This comparison cannot be made with equal facility by an appellate court, Seigal v. Merrick, 590 F.2d 35, 38 (2d Cir. 1978), especially where, as here, the defendants alone petition for mandamus. It is not illogical to assume that plaintiffs' counsel who moved for and secured summary judgment might view plaintiffs' chances of recovery more optimistically than do the defendants. Obviously, the district judge did. Judge Bartels stated that, in determining whether to approve the settlement, he considered, among other things, the strength of plaintiffs' case, the probable rewards of successful litigation, and the fact that the amount of the proposed settlement was only approximately 3 percent of the potential recovery. Although we do not prejudge the merits of plaintiffs' claim, we are not prepared to say that Judge Bartels' decision to disapprove was such a clear abuse of discretion as to warrant the direction of a contrary result. This Court will not issue mandamus with respect to a discretionary order except in most extraordinary circumstances. General Motors Corp. v. City of New York, 501 F.2d 639, 648 (2d Cir. 1974); see National Super Spuds, Inc. v. New York Mercantile Exchange, 591 F.2d 174, 181 (2d Cir. 1979). The instant case does not fall within that category.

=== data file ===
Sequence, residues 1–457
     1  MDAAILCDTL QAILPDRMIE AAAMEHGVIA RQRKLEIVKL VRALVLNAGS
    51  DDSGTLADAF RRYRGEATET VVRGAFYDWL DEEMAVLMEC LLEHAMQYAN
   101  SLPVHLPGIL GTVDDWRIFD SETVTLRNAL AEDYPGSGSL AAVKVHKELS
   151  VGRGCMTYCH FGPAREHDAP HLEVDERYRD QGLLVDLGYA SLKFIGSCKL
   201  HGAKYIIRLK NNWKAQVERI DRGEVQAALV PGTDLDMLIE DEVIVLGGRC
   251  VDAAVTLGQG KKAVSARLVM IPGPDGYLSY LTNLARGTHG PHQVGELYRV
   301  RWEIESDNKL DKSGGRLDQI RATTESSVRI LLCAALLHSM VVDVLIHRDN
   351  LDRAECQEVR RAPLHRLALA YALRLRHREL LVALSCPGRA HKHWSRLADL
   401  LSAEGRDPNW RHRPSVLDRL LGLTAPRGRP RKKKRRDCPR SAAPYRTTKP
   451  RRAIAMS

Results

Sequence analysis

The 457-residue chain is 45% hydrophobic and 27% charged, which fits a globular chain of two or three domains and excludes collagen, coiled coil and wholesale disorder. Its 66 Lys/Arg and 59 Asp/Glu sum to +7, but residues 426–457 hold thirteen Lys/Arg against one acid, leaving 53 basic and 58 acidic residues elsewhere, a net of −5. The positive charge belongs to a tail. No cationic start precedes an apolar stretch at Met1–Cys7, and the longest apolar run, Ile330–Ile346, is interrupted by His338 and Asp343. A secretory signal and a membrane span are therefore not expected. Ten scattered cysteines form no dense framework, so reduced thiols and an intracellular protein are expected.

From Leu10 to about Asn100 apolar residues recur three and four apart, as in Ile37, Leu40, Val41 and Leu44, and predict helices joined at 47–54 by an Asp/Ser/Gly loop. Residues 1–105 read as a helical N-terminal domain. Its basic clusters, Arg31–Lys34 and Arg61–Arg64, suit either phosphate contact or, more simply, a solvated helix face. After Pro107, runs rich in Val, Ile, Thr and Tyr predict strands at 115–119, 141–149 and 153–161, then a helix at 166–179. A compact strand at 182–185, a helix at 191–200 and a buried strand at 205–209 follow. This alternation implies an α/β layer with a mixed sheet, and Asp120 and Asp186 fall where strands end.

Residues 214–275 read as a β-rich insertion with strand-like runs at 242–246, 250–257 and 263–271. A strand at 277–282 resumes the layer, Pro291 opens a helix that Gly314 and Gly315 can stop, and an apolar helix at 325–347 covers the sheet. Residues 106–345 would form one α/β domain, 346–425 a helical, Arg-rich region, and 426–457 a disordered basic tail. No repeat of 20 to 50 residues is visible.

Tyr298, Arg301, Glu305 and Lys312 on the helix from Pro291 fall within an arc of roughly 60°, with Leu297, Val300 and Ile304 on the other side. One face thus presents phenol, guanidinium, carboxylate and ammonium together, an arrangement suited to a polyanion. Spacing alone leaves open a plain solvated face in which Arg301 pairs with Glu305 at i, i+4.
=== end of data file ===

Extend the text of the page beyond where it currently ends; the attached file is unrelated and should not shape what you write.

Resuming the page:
The likelihood that class members will find it tedious and time consuming to prove their losses does not make this an out-of-the-ordinary case. Problems of proof are common in tariff litigation and should have been anticipated when the instant action was started. Neither does this case become one of extraordinary genre because settlement was disapproved although no objections were voiced. A substantial lack of response from absentee class members appears to be the norm rather than the exception. See Van Gemert v. Boeing Co., 573 F.2d 733, 736 n.4 (2d Cir. 1978), vacated en banc, 590 F.2d 433 (1978), aff'd, 444 U.S. 472, 100 S. Ct. 745, 62 L. Ed. 2d 676 (1980). The district court was required to exercise its independent judgment to protect the interests of class absentees, regardless of their apparent indifference. Goldsholl v. Shapiro, 417 F. Supp. 1291, 1296 (S.D.N.Y. 1976); Fricke v. Daylin, Inc., 66 F.R.D. 90, 97-98 (E.D.N.Y. 1975). The exercise of that judgment by the district court can hardly be assailed as extraordinary.